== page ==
Unreliable recordkeeping – what is it and how to defend yourself effectively?

The offense regulated in Art. 303 of the Penal Code is commonly referred to as unreliable record keeping. It includes not only incomplete documentation, but also a complete failure to keep the documentation required by law. A distinction should also be made between two crimes, which, due to the relatively similar harmfulness of the act and the features of the crime.

Unreliable maintenance of accounting records

This concerns the frequent lack of distinction between not keeping any or part of the documentation and falsifying or counterfeiting documents. It should be noted that counterfeiting or falsification of documents while conducting business activity is considered to meet the conditions of the quoted provision if a material damage has been caused. However, the counterfeiting or falsification of documents itself has been regulated in Art. 270, and the sanctions resulting from it are sometimes more severe than for unreliable record keeping. What to do if you are accused of creative accounting?

What does unreliable recordkeeping include?

The provision itself does not limit the entity to which material damage may be caused. It may be a natural person, a legal person, an organizational unit without legal personality, and in particular the State Treasury. The provision itself indicates three types of actions that may cause material damage: failure to keep records, unreliable record keeping and keeping it in a manner that is not true. They are put on an equal footing as they can cause similar harm by taking action or not doing it despite being required by law. According to the adopted view, liability is not only borne by the entity conducting business activity, but also by the entity commissioned to keep the records of a given company, and through its actions it leads to material damage.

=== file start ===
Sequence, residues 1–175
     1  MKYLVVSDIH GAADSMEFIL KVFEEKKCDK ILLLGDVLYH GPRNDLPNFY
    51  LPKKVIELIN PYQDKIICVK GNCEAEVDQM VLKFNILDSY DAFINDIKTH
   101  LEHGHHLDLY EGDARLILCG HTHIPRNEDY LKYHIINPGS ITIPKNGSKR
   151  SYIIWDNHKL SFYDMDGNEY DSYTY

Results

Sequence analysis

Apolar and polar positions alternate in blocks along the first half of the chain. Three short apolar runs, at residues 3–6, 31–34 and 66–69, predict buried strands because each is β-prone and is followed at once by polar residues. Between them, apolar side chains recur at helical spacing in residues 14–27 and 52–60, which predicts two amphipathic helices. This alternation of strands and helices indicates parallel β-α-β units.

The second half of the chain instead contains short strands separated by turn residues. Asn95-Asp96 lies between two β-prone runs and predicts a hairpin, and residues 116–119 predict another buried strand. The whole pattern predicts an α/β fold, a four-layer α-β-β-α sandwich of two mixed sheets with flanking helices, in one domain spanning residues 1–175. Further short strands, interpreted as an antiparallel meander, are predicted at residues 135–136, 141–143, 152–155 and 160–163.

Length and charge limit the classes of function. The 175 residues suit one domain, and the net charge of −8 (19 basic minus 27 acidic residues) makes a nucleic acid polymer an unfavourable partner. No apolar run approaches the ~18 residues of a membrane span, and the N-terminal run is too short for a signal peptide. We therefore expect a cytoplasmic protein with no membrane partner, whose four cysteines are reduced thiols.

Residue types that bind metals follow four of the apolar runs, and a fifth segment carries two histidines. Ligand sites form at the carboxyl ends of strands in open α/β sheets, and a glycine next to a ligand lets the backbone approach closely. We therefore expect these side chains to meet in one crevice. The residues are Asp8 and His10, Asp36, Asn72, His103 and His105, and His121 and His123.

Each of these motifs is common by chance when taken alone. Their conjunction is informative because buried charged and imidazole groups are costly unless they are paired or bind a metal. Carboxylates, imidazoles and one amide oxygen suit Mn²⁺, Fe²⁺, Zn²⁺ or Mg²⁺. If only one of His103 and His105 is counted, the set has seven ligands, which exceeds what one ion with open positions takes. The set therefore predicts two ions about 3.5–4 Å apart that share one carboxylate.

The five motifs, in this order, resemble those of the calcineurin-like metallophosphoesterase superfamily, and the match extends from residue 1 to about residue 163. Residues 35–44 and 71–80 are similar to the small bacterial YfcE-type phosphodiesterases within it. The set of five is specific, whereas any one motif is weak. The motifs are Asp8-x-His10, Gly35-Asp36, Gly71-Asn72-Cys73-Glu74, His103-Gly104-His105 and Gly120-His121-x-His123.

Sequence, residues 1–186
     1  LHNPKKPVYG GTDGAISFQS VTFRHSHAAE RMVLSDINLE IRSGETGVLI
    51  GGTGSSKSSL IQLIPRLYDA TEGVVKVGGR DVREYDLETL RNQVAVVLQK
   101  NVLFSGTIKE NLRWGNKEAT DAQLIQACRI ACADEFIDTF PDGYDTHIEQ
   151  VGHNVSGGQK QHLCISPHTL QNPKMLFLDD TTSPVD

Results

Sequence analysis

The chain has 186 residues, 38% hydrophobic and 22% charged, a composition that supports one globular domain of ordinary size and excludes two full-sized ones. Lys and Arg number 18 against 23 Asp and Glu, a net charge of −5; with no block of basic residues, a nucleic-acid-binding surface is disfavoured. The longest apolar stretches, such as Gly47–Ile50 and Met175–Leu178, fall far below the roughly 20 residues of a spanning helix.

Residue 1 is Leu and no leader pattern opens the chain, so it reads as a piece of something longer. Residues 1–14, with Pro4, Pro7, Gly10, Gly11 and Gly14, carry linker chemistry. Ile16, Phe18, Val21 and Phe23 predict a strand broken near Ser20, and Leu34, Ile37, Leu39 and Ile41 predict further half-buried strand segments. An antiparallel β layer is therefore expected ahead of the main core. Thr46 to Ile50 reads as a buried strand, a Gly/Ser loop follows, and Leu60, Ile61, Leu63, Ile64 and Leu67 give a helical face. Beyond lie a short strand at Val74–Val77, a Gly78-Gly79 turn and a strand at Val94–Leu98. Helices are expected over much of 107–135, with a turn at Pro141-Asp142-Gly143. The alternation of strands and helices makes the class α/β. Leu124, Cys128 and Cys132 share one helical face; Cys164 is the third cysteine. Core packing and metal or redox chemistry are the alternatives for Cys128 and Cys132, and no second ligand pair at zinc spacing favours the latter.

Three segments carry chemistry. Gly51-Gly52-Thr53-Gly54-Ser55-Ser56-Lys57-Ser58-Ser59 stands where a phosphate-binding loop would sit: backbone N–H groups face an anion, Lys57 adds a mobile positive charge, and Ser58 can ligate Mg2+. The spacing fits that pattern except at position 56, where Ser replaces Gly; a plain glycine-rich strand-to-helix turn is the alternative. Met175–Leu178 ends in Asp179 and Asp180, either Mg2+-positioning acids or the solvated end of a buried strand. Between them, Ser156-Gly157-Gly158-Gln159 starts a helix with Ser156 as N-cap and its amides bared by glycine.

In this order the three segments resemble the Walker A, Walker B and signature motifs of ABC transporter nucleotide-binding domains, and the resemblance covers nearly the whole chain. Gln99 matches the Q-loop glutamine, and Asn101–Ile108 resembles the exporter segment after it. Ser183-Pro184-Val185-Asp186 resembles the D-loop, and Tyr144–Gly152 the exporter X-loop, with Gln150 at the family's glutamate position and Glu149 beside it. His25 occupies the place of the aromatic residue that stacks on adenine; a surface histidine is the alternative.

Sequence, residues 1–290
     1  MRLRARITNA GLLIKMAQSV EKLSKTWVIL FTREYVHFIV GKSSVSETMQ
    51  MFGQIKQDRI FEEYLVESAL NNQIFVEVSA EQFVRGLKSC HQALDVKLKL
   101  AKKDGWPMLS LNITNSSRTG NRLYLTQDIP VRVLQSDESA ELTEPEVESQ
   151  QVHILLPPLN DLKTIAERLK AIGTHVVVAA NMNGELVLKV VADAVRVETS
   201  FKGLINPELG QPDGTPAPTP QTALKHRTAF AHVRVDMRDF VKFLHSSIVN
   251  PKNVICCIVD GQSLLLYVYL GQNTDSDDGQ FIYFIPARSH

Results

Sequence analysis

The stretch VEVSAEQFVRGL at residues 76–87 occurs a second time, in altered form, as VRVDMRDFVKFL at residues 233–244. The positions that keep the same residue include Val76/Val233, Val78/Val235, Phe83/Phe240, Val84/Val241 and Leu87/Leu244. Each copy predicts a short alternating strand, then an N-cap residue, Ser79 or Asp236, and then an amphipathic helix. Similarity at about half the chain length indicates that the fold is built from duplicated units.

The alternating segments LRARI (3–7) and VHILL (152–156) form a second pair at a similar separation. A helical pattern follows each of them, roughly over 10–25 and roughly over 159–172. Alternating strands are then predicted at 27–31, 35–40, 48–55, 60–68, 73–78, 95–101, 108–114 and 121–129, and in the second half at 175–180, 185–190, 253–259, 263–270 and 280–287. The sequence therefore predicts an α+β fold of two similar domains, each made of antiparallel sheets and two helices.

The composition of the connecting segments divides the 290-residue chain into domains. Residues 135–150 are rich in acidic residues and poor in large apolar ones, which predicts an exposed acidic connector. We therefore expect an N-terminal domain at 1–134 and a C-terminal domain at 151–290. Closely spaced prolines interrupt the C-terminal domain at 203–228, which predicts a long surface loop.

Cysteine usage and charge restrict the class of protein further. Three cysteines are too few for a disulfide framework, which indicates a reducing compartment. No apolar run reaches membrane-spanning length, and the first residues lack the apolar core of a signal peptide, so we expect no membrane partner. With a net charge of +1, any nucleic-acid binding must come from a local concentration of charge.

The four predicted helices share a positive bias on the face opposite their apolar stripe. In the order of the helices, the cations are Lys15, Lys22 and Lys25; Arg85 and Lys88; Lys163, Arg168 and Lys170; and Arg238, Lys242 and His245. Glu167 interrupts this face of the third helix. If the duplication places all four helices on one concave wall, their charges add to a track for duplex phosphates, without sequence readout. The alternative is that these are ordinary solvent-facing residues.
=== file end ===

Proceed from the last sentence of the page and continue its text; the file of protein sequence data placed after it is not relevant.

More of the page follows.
What sanctions can be imposed for unreliable record keeping?

Sanctions include financial, tax and criminal sanctions. In Art. However, Article 303 of the Penal Code indicates criminal sanctions, the distinction of which results from the degree of the material damage itself. The overall term of imprisonment was limited to three years. There is no indication of the lower limit, so it can be a year, 5 days or 3 months. The legislator only indicated that the sentence may not exceed 3 years, however, adjudicating such a long period of imprisonment remains an exception. A different position should be adopted in the event of significant material damage. The legislator indicated the lower and upper limit, i.e. 3 months, as the lower and 5 years as top. This is due to the increased degree of harmfulness of a given act. On the other hand, in order to limit the reduction in the severity of the penalty, for acts of minor importance, i.e. causing less damage or caused by an action not aimed at causing significant material damage, the legislator indicated the year as the upper limit and indicated the penalty of restriction of liberty as an alternative.

Author:

Joanna Krajewska

Tax Advisor, ACCA

 

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